Bear Hug Test – Subscapularis

The Bear Hug Test is commonly used in orthopedic examinations to test for a tear in subscapularis tendon or subscapularis tendonitis. It can also show scapular instability. Read more about rotator cuff tears.

Anatomy of the Shoulder Complex
Shoulder diagram including the subscapularis muscle
National Institute Of Arthritis And Musculoskeletal And Skin Diseases (NIAMS); SVG version by Angelito7, Public domain, via Wikimedia Commons

Involved Structures

  • subscapularis

Starting Position

This test is usually performed with the patient in sitting. The patient’s arm is placed with the open hand of the affected side placed just in front of the shoulder on the opposite site.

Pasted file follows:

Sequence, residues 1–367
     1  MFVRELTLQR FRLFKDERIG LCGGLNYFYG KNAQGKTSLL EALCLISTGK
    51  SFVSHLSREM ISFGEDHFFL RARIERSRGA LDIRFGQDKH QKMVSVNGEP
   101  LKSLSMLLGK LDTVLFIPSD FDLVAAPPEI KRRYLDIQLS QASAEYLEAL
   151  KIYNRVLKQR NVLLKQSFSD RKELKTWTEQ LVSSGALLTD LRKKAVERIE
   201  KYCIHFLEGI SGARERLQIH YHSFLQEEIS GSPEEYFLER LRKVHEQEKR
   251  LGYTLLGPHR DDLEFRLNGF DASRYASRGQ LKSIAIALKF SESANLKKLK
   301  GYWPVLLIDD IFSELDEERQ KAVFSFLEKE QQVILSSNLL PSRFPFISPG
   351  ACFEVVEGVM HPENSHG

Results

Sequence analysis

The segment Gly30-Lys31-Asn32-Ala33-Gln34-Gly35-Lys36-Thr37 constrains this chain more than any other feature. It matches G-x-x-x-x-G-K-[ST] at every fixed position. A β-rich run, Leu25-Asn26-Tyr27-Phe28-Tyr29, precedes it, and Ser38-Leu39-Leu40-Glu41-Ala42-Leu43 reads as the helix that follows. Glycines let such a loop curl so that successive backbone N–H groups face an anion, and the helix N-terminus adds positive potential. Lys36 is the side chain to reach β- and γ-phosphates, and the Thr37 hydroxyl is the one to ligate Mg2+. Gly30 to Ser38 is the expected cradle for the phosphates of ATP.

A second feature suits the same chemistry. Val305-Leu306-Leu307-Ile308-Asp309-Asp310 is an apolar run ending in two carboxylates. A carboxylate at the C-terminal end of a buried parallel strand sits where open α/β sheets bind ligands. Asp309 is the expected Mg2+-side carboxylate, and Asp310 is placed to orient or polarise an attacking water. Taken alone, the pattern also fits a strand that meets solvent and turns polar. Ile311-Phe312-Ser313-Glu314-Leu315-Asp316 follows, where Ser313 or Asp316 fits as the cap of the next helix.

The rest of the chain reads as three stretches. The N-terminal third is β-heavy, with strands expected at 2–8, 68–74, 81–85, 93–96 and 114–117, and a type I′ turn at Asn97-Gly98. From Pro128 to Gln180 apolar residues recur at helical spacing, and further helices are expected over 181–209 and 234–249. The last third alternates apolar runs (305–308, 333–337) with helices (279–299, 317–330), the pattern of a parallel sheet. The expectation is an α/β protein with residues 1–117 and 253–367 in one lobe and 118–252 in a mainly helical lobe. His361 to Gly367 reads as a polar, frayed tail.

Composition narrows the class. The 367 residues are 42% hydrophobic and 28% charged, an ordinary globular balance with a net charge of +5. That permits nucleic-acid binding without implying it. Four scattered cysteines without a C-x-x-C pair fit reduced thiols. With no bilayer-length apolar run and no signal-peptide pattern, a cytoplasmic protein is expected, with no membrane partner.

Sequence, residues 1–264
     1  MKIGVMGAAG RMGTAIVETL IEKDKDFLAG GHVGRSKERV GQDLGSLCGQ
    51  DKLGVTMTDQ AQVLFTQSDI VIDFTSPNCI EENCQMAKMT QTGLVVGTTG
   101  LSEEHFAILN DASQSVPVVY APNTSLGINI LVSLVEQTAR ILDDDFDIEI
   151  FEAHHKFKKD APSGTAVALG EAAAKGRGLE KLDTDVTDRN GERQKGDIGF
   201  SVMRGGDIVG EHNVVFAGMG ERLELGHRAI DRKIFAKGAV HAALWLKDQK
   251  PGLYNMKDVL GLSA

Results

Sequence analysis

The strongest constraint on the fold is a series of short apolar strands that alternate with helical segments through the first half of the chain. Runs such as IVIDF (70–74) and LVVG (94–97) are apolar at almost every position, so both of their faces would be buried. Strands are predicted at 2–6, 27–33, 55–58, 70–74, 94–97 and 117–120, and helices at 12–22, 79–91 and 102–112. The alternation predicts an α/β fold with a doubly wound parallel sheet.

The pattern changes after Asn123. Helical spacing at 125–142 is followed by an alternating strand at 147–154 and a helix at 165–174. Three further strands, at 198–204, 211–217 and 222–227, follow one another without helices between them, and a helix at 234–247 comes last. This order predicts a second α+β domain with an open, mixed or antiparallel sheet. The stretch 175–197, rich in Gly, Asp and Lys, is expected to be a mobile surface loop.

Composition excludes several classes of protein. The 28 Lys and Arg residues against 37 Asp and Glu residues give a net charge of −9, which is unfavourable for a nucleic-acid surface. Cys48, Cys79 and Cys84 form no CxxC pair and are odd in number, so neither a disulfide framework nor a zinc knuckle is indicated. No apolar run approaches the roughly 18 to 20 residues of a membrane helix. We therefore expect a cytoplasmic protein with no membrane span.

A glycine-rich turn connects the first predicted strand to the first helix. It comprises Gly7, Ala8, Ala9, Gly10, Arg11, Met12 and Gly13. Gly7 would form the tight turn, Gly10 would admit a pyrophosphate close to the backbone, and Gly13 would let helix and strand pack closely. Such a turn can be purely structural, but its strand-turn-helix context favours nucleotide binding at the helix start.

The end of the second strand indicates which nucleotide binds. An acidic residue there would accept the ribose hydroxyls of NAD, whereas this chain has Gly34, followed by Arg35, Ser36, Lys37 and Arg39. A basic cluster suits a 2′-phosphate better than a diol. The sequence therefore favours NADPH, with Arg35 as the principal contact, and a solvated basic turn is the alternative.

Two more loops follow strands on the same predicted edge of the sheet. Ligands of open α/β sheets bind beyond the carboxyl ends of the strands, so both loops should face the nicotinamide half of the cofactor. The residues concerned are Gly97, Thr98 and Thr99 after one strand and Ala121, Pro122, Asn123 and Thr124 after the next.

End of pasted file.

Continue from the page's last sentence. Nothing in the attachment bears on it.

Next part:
Test Movement

In this position, the examiner attempts to pull the affected arm forward, away from the patient’s chest/shoulder as the patient attempts to resist the movement.

Positive Test

The Bear Hug Test is considered positive if the patient has significant weakness and/or pain.

Accuracy of Test

The Bear Hug Test for integrity of the subscapularis is considered to have very high sensitivity and negative predictive value. Sensitivity 75%, specificity 56%, positive predictive value 62%, negative predictive value 70% and accuracy 65%.

Reference: CLINICAL DIAGNOSIS OF SUBSCAPULARIS TENDON TEAR USING THE BEAR HUG SEMIOLOGICAL MANEUVER

Video Demonstration

>> Return to the list of Orthopedic Tests of the Shoulder

Other tests for rotator cuff pathology:


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